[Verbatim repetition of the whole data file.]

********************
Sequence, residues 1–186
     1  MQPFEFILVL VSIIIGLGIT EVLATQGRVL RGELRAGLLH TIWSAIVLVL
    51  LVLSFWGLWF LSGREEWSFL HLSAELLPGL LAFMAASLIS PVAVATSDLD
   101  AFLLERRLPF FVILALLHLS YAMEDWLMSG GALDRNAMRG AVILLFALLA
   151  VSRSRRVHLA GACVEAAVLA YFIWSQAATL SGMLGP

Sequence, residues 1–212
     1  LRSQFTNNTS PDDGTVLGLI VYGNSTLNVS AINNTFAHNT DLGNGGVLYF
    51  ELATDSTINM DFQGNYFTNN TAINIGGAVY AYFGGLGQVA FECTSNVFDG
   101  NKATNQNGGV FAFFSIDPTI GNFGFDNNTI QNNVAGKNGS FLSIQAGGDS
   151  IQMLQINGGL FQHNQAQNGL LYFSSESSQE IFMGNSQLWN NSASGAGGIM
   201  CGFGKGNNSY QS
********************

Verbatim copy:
Sequence, residues 1–186
     1  MQPFEFILVL VSIIIGLGIT EVLATQGRVL RGELRAGLLH TIWSAIVLVL
    51  LVLSFWGLWF LSGREEWSFL HLSAELLPGL LAFMAASLIS PVAVATSDLD
   101  AFLLERRLPF FVILALLHLS YAMEDWLMSG GALDRNAMRG AVILLFALLA
   151  VSRSRRVHLA GACVEAAVLA YFIWSQAATL SGMLGP

Sequence, residues 1–212
     1  LRSQFTNNTS PDDGTVLGLI VYGNSTLNVS AINNTFAHNT DLGNGGVLYF
    51  ELATDSTINM DFQGNYFTNN TAINIGGAVY AYFGGLGQVA FECTSNVFDG
   101  NKATNQNGGV FAFFSIDPTI GNFGFDNNTI QNNVAGKNGS FLSIQAGGDS
   151  IQMLQINGGL FQHNQAQNGL LYFSSESSQE IFMGNSQLWN NSASGAGGIM
   201  CGFGKGNNSY QS